Fiction 2000: Cyberpunk and the Future of Narrative
George Edgar Slusser, T. A. Shippey
University of Georgia Press, 1992 - Literary Criticism - 303 pages
Will novels and stories be relevant in the next millennium, when the boundaries between illusion and reality, and observer and observed, may dissipate in a whirl of images, signals and data? This essay collection divines the prospects of fiction in the information age by examining cyberpunk literature. A movement less than a decade old, cyberpunk is driven by deep concerns about society, ethics, and new technology and has been defined as the literature of the first generation of science-fiction writers actually to live in a science-fiction world.
These essays were first presented at the 1989 annual J. Lloyd Eaton Conference on Science Fiction and Fantasy Literature, the field's most prestigious international gathering. They address concerns common not only to cyberpunk and traditional science-fiction scholars, critics, and writers but to their counterparts outside the genre as well. Interdisciplinary in perspective, the essays consider the origins of cyberpunk, the appropriation of its conventions by the mass media, the literature's paradoxical retrogressive/iconoclastic nature, cyberpunk's affinities to and deviations from both traditional science fiction and postmodernist literature, the parameters and components of the cyberpunk canon, and the movement's future course.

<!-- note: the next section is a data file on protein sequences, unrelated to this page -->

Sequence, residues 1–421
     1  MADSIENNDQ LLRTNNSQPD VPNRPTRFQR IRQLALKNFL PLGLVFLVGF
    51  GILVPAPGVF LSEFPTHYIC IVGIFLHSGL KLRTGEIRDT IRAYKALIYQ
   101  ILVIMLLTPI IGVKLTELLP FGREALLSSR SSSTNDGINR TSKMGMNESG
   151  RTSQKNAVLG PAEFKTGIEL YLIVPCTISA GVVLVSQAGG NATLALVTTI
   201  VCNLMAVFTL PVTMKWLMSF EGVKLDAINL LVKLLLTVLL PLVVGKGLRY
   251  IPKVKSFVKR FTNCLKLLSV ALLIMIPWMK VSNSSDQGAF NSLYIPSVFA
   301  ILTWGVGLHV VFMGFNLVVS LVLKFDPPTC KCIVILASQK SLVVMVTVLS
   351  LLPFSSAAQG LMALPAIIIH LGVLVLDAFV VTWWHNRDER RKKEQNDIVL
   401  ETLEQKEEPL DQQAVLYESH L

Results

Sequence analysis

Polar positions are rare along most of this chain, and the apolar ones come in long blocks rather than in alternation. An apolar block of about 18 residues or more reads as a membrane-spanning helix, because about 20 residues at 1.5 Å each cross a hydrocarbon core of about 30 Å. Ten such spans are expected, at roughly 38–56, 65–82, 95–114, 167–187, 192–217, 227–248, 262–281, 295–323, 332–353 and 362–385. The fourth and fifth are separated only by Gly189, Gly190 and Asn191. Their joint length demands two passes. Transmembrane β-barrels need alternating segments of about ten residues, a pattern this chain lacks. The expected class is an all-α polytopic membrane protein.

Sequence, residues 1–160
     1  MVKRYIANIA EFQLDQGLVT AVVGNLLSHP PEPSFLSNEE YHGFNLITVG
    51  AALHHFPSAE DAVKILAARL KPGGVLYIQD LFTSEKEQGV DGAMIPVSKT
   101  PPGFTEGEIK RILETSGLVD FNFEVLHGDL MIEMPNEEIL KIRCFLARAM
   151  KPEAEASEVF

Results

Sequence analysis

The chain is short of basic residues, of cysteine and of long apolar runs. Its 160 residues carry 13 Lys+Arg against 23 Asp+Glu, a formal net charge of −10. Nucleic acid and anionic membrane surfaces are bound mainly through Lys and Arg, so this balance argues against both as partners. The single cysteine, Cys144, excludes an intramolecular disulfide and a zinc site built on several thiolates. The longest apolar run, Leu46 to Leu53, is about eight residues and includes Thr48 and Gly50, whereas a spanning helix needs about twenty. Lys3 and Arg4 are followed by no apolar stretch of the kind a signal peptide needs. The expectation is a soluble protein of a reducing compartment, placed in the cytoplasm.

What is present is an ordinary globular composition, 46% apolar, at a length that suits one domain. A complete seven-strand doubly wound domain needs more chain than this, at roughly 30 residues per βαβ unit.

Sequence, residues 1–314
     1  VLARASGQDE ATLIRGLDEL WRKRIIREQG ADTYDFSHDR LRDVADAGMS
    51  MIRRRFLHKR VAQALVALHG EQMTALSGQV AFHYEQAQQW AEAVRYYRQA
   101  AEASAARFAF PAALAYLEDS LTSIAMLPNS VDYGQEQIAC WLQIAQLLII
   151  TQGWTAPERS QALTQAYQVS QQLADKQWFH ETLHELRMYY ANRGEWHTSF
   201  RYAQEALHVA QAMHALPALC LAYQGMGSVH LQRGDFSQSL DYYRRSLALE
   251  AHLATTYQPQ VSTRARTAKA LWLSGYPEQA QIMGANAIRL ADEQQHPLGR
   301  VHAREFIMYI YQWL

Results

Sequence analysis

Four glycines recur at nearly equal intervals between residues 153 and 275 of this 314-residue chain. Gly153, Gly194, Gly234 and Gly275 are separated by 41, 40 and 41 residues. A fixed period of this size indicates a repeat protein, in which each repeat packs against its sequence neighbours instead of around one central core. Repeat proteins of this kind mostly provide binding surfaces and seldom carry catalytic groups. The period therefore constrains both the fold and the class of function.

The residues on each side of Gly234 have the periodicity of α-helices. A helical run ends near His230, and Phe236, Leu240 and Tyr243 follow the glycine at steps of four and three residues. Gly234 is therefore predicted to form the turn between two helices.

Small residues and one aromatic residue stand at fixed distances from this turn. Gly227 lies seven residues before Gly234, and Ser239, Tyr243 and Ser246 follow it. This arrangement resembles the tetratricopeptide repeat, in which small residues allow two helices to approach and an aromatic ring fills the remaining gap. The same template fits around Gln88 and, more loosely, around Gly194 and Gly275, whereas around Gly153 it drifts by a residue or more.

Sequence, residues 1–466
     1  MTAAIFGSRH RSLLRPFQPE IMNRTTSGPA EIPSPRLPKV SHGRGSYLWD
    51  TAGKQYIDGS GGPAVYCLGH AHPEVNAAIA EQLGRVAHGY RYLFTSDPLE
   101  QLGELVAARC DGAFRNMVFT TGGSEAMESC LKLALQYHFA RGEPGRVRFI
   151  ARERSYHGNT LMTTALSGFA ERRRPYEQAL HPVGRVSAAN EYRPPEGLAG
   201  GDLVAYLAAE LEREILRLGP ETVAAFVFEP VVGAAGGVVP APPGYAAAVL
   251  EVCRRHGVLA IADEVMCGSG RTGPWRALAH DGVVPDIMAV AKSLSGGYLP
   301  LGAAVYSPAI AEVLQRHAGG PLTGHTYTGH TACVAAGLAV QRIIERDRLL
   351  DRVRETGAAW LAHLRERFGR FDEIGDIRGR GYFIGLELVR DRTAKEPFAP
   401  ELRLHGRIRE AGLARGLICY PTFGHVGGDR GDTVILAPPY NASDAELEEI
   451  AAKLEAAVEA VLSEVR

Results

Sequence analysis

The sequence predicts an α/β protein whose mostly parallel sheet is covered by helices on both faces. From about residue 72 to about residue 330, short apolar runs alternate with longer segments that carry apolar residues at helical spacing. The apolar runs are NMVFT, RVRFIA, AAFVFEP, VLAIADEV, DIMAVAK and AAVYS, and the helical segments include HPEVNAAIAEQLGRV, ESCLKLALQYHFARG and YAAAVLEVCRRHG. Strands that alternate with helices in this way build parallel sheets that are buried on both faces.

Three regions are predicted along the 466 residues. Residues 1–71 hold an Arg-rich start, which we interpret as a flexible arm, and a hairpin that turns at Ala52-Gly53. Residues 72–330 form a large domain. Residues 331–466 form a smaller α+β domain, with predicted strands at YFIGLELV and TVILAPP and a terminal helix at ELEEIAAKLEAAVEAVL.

Some essays are theoretical, but all are grounded in works familiar to serious science-fiction readers: Neuromancer, Frontera, Deserted Cities of the Heart, Islands in the Net, Great Sky River, the Mirrorshades anthology, and others; cyberpunk TV and cinema like the Max Headroom programs, Blade Runner, and Tron; and precursory literature, including Frankenstein, Le Roman de l'avenir, Ralph I24C 41 +, and A Clockwork Orange. Useful for its views on a volatile science-fiction subgenre, Fiction 2000 is also valuable for what it tells us about the fate of mainstream literature.
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